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The Speedwell Practice

16 Torrington Park

London

N12 9SS

020 8445 7587

patients.speedwell@nhs.net



 

Post Natal Checks

 

Pregnant Lady

 

Baby

   

Baby weighing is available upstairs in the Health Visitors Clinic from 13:00 till 15:00 on Tuesdays. If you have any queries and would like to speak to the Health Visitor they are also available at this clinic.

Please speak to reception about booking for immunisations and the 6-8 week development check.

Your Doctor, Health Visitor or Midwife will do simple routine checks on your child. Some of these are called "screening" tests. Screening tests and other health checks and reviews are done to pick up problems before they have been noticed. They can never be fully accurate in all cases. This means that sometimes there is a false alarm. In this case you may be told that your baby may have a health problem or condition. However, further tests may show that he or she does not have the condition.


Even if your baby's screening tests for health problems or conditions have been normal but you think there may be a problem you should still point it out to your Health Visitor or GP. You know your baby better than anyone else. Do not assume that because a check was normal that there can't be a problem. If you are worried, always ask.

 

Please see the link below for Health Visiting Services in Barnet

 

https://www.barnet.gov.uk/health-and-wellbeing/pregnancy-and-childrens-health/health-visiting

 

Mother

 

You should have your postnatal check 6 to 8 weeks after your baby is born to make sure you feel well and are recovering properly.

 

Please ask our receptionists to book ana ppointment for you if you have not been routinely contacted by the practice

 

 

 

Child Immunisation

 

Here is the updated list of vaccinations that are routinely offered to children in the UK for free on the NHS. This schedule shows the new changes that are being implemented from June 2013.  

 

If a vaccine is given when a baby still has antibodies to the disease, the antibodies can stop the vaccine working. This is why routine childhood immunisations do not start until a baby is two months old, after the antibodies a baby gets from its mother have stopped working. This is also why it is important for parents to stick to the immunisation schedule, as a delay can leave a baby unprotected. A delay can increase the chance of adverse reactions to some vaccines, such as pertussis (whooping cough).

 

Here's a checklist of the vaccines that are routinely offered to everyone in the UK for free on the NHS, and the ages at which they should ideally be given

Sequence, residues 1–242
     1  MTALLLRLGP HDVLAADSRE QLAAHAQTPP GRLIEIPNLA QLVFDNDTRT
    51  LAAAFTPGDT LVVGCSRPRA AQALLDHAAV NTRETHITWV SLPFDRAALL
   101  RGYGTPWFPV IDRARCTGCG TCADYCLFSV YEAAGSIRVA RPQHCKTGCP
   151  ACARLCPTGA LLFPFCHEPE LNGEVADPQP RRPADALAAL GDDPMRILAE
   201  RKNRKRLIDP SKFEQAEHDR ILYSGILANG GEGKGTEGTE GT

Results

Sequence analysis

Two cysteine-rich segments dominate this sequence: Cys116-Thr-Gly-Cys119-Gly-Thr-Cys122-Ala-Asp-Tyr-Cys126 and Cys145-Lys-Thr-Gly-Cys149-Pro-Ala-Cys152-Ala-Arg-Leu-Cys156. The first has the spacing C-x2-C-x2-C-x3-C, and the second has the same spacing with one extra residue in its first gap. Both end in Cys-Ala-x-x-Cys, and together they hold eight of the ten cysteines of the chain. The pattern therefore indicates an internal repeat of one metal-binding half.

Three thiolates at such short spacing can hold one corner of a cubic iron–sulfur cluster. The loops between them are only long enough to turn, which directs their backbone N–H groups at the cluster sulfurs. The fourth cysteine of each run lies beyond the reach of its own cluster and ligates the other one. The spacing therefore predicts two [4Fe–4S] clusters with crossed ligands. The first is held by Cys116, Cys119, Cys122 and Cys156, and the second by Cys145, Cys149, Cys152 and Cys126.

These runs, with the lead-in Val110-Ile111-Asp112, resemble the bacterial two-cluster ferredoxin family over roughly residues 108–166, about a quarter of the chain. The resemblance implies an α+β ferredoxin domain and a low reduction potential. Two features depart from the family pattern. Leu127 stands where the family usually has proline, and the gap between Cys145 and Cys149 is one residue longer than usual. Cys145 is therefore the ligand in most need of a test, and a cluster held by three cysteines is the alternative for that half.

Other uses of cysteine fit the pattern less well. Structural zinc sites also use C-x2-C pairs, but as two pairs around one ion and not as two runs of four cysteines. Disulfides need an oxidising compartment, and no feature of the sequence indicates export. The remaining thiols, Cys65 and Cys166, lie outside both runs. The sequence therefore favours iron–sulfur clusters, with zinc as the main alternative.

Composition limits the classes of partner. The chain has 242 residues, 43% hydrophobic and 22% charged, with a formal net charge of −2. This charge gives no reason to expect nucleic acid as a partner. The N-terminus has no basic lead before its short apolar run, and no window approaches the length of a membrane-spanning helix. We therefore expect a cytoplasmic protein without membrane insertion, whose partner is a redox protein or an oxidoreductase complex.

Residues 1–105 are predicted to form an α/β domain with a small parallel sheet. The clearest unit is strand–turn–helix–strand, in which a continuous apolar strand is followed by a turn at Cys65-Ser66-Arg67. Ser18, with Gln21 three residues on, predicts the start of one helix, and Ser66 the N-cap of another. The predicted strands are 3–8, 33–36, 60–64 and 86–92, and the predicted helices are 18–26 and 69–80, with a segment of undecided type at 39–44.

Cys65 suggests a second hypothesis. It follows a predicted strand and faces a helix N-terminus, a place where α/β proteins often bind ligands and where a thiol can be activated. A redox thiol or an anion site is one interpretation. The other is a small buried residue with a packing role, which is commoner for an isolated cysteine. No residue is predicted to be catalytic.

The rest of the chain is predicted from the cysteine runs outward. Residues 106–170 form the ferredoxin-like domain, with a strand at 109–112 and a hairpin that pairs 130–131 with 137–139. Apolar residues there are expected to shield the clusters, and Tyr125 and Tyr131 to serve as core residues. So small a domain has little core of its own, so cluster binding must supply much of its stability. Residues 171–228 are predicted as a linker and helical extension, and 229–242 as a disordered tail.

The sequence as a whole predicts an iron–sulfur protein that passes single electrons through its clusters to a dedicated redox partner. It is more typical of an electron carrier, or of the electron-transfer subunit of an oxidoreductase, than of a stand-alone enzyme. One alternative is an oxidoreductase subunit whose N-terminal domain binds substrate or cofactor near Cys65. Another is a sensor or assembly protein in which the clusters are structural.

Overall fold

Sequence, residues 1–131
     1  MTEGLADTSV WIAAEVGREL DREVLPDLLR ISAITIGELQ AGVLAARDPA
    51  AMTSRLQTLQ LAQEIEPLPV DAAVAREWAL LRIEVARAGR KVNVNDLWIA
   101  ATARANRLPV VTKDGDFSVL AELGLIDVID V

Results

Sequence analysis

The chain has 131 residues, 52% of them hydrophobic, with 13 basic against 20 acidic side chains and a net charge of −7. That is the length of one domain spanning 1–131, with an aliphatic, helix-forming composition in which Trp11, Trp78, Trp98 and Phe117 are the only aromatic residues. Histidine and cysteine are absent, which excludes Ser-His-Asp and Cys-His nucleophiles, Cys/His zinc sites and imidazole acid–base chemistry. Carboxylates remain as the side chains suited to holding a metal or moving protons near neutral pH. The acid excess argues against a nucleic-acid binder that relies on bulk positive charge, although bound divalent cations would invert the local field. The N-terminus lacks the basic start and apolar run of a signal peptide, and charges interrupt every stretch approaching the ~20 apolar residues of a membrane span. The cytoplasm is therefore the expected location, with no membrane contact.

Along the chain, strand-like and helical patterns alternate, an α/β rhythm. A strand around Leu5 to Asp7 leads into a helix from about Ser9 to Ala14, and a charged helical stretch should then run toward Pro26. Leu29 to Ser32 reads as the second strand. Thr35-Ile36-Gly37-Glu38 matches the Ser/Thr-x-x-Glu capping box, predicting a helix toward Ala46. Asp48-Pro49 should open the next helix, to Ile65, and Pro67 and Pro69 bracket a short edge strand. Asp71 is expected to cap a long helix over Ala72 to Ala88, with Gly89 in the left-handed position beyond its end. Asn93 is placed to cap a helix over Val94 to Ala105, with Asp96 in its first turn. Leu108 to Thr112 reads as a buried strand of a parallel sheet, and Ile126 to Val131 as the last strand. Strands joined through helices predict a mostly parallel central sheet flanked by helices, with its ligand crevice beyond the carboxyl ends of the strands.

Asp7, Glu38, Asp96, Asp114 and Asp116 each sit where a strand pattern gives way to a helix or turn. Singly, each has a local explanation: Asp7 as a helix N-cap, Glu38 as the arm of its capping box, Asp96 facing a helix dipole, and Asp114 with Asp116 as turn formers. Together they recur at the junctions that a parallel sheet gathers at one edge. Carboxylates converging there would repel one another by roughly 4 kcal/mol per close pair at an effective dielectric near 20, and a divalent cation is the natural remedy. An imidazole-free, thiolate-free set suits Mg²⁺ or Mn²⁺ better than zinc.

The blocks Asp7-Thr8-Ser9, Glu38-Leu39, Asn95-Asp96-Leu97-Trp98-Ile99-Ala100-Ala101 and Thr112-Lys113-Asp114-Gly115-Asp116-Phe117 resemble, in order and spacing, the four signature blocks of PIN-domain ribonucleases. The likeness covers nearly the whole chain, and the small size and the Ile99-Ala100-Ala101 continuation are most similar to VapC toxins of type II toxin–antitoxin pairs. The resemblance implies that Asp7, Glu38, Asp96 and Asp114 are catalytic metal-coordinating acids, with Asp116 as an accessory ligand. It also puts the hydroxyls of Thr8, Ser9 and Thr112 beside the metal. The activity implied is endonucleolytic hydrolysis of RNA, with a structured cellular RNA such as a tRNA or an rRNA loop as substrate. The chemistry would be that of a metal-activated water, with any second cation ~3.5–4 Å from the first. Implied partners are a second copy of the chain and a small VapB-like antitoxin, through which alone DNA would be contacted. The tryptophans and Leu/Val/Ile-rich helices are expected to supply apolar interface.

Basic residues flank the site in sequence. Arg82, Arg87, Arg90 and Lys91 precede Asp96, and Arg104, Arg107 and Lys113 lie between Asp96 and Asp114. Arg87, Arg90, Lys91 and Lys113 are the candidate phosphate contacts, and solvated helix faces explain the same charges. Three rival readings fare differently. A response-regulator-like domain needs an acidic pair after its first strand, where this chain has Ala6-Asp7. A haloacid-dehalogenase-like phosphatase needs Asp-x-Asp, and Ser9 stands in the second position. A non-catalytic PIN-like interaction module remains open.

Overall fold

Vaccination Checklist

 

Here's a checklist of the vaccines that are routinely offered to everyone in the UK for free on the NHS, and the age at which you should ideally have them.

 

2 months:

  • Diphtheria, tetanus, pertussis (whooping cough), polio and Haemophilus influenzae type b (Hib, a bacterial infection that can cause severe pneumonia or meningitis in young children) given as a 5-in-1 single jab known as DTaP/IPV/Hib
  • Pneumococcal infection

3 months:

  • 5-in-1, second dose (DTaP/IPV/Hib)
  • Meningitis C
4 months:
  • 5-in-1, third dose (DTaP/IPV/Hib)
  • Pneumococcal infection, second dose
  • Meningitis C, second dose

Between 12 and 13 months:

  • Meningitis C, third dose
  • Hib, fourth dose (Hib/MenC given as a single jab)
  • MMR (measles, mumps and rubella), given as a single jab
  • Pneumococcal infection, third dose
3 years and 4 months, or soon after:
  • MMR second jab
  • Diphtheria, tetanus, pertussis and polio (DtaP/IPV), given as a 4-in-1 pre-school booster
Around 12-13 years:
  • Cervical cancer (HPV) vaccine, which protects against cervical cancer (girls only): three jabs given within six months
Around 13-18 years:
  • Diphtheria, tetanus and polio booster (Td/IPV), given as a single jab

 

June 2013:   Men C – Booster dose previously given at 4m now given at 13-18y           

 

Rotavirus – Minimum age 6w, Maximum age for 1st dose 14w6d. Not to be started in infants 15w. Not for infants over 24w.

 

Further reading

 

There are some excellent websites that will answer all your questions and queries about immunisation and vaccination. www.immunisation.nhs.uk

 

The most comprehensive, up-to-date and accurate source of information on vaccines, disease and immunisation in the UK. If you are worried about giving the MMR vaccine, you should access the MMR site. www.immunisation.nhs.uk/Vaccines/MMR

 

This website has been put together to answer any questions you might have about MMR.

 

You can look for information and resources in the MMR library, ask an expert panel a question, and read up on the latest news stories relating to MMR.


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